Study: More pensions allocating to alternatives

The number of corporate pensions allocating to alternatives has risen steadily since 2008, but the size of allocations has fallen since last year.

For the third consecutive year, an increasing number of US corporate pensions are allocating to alternatives, with roughly 80 percent of respondents in one survey committing capital to the asset class.

That’s according to a “quick poll” done by SEI, which sets up private equity funds of funds for corporate pensions, endowments and foundations. Alternatives are defined by SEI as all non-capital market investments, including hedge funds, private equity funds and direct private real estate investments.

In 2011, 78 percent of pension executives who responded to the poll said their pension was invested in alternatives, according to SEI. Last year, 65 percent of respondents indicated they were invested in alternatives, compared to 53 percent in 2009 and 51 percent in 2008.

“What I think we’re seeing are pension sponsors really developing avenues for getting into this space by finding experts to help advise them on it,” Jon Waite, director of investment management advice and chief actuary of SEI’s institutional group, told Private Equity International. “We’re seeing a lot more reliance on the expertise of those consultants and we’re seeing plans that didn’t use outside advisors moving there,” Waite said.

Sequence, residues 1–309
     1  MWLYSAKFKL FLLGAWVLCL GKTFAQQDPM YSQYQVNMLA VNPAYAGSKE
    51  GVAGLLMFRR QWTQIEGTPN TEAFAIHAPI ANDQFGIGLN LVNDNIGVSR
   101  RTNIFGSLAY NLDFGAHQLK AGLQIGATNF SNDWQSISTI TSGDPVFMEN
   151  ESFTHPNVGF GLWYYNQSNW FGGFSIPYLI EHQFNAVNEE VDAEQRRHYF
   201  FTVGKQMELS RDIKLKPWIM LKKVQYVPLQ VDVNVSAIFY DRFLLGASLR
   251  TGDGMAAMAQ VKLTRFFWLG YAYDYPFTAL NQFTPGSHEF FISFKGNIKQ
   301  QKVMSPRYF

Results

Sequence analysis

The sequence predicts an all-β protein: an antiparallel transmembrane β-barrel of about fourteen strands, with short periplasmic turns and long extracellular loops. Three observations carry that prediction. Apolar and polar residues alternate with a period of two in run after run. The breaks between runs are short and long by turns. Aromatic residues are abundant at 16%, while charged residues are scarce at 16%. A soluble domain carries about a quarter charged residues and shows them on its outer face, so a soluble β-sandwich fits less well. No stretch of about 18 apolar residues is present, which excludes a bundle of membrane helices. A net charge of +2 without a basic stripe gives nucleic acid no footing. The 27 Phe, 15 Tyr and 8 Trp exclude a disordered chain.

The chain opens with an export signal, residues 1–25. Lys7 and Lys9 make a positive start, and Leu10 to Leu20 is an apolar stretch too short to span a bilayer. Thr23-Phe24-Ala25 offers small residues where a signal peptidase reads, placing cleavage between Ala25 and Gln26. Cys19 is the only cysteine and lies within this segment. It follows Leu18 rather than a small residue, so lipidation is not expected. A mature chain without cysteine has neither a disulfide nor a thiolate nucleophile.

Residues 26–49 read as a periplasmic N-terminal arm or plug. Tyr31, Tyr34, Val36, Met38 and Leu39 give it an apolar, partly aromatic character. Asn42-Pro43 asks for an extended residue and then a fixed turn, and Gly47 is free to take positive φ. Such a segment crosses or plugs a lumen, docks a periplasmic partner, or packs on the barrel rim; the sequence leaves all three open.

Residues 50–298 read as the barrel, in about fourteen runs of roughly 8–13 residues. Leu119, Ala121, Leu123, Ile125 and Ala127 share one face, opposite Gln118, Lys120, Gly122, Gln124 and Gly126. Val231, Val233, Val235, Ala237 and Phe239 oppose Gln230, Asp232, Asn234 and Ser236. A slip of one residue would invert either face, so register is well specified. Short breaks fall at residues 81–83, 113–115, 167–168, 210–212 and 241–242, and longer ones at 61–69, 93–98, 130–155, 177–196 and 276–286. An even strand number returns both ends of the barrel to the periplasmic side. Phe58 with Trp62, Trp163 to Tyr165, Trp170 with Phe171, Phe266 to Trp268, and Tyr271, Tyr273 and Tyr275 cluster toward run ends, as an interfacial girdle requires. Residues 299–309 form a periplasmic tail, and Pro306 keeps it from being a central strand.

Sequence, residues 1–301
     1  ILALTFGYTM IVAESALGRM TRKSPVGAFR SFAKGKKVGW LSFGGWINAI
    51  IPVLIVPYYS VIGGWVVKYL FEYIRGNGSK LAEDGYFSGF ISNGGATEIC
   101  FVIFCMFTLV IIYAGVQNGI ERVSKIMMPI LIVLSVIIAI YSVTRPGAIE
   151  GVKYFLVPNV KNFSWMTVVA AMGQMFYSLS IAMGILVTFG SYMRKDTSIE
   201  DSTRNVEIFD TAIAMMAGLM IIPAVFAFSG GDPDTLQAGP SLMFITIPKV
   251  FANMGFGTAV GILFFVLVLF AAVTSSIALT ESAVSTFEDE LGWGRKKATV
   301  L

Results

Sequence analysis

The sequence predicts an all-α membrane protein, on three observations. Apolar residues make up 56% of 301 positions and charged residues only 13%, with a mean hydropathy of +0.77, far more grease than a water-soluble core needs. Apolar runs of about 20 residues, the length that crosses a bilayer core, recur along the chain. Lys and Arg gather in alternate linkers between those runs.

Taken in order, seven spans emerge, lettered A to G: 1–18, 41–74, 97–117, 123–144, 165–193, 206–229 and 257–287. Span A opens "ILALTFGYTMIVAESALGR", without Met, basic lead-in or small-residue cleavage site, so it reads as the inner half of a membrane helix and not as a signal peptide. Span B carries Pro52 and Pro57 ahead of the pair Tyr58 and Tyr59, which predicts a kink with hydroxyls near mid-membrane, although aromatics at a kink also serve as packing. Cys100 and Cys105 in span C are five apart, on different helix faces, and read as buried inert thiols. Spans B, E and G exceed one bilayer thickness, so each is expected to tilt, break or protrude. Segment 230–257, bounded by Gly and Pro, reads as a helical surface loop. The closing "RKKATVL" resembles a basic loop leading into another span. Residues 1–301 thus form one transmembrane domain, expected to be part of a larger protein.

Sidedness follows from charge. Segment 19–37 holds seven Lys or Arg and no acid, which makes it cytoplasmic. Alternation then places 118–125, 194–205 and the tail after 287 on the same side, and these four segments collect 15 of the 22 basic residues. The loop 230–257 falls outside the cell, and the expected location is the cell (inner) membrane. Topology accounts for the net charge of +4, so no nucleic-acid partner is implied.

Nearly half of all participants in the survey said their organisation would look at hiring outside consultants for making future changes to their allocation amounts.

Despite the overall increase in alternatives exposure, the survey also found that the percentage of plans with more than a 10 percent allocation to alternatives has fallen from 77 percent in 2010 to 42 percent this year.

“We have seen some pullback in the amount of the portfolio being allocated to alternatives,” Waite said. “I think they’re re-evaluating. They want to make sure that they understand the space before they get into it.”

On the public institution side, many state pensions such as the California Public Employees Retirement System have been working to trim down the sizes of their private equity portfolios, culling their manager relationships to make their programmes more manageable.

“The goal is always to focus on top quartile performers,” a CalPERS spokesperson told Private Equity International in a prior interview. “We’ve used secondary sales as part of this consolidation strategy to keep the line-up manageable and eliminate redundancy of also-ran funds.”